Review: Grouper, Ruins

Ruins succeeds by its own modest standards.
grouper ruins


The songs of Liz Harris, aka Grouper, are the musical equivalent of death by a thousand cuts. No single moment goes for the throat, but the grand, understated sweep of her songs and albums as a whole are undeniable. The negative space is as important as the sparsely arranged instruments, and silence is as powerful as any chord change or drone. Curiously, Ruins is the album where Harris has finally decided to break out of her (admittedly gorgeous) routines, and goes unrewarded for it. A series of whispered, whittled piano ballads, Ruins succeeds by its own modest standards.

If it isn’t as stark or atmospheric as Harris’ earlier works, Ruins plays the long game to similar effect. This is an album that invites you to invest in it from the moment you turn it on. Recorded in 2011, the album’s design parallels that of its predecessor, The Man Who Died in His Boat, which compiled recordings Harris had laid down over several years. In terms of structure and sequencing, Harris has clearly made an effort to make it appear as though that is not the case. Bookended by the tracks “Made of Metal” and “Made of Air”, the album makes a distinct effort to pull its themes of isolation and love into a cogent whole along the way. Ruins is an apt title; these songs feel as though they’re decaying as you listen.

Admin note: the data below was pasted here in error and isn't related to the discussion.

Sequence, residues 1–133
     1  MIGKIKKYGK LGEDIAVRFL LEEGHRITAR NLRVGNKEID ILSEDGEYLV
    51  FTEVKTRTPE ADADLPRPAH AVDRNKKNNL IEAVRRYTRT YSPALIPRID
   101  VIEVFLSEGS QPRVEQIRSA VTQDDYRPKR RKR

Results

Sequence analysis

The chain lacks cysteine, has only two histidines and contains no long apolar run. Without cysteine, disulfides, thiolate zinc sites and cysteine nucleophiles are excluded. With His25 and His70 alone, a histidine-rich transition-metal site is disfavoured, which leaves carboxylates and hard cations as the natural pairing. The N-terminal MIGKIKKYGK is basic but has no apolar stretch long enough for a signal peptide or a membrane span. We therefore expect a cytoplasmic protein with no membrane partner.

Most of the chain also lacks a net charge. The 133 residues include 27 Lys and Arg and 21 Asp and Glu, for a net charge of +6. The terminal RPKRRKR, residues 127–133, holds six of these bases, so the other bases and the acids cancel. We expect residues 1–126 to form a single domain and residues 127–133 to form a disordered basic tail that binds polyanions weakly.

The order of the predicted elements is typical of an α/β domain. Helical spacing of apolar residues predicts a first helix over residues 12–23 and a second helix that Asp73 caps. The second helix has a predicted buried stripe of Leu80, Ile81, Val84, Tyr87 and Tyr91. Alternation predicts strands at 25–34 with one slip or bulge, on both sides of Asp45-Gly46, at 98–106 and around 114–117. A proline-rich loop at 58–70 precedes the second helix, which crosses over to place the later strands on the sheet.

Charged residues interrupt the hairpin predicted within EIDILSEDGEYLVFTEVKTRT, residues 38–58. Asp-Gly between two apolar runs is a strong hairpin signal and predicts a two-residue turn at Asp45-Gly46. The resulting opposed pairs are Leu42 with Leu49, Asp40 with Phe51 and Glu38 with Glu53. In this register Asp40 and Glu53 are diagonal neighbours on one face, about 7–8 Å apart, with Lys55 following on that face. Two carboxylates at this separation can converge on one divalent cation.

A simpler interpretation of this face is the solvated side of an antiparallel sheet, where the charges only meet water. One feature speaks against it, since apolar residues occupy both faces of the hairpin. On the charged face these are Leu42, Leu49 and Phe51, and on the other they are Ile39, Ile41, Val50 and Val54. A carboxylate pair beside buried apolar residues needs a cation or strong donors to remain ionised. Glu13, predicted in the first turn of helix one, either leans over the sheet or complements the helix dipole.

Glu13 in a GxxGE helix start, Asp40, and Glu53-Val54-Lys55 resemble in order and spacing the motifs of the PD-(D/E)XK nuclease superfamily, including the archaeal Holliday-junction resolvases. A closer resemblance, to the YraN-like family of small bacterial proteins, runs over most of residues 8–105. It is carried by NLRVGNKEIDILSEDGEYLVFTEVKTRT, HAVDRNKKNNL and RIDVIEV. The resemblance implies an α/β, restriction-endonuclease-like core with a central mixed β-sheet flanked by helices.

The broken chronology of Harris’ works make it difficult to get an accurate measure of her artistic growth, but Ruins shows that she’s at least amenable to switching things up, if not pushing herself into totally unfamiliar territory. Acoustic guitar is replaced by an upright piano, and the reverb and echo pedals smothering Harris’ voice are all but gone. Instead, Harris mumbles many of her lines into the microphone, obscuring the occasional word, giving any one line several potential meanings.

This ambiguity is at the heart of Ruins, and it is mirrored in the music. The distant war drum at the album’s open mimics a heartbeat, and a chord progression will morph from gentle and soothing to haunting at a moment’s notice. There’s also a less emphasis on prettiness – something Harris does very well. “Lighthouse” haunts and moves in equal measure, with the lyrics smudged just enough to force you to lean in further. The sinister tones of “Labyrinth”, on the other hand, are much more overt, and build on the darker moments from The Man Who Died In His Boat. “Holding”, with its forlorn piano line that anchors an evolving, double-tracked vocal melody, is the most conventional track here, brining to mind other bare-bones acts like Gem Club, or maybe Perfume Genius at his most minimal.

Despite consisting of well-crafted, thoughtful songs, the emotional gutpunch that is to be expected from a Grouper album never quite arrives over multiple listens. There are a number lovely moments to be had, but they never add up to more than the sum of their parts, and the album lacks a genuine highlight like “Vital” to prevent things from going down a little too smoothly, forgettably. Harris may be incapable of writing a poor song, but Ruins is disappointingly thin on great ones as well.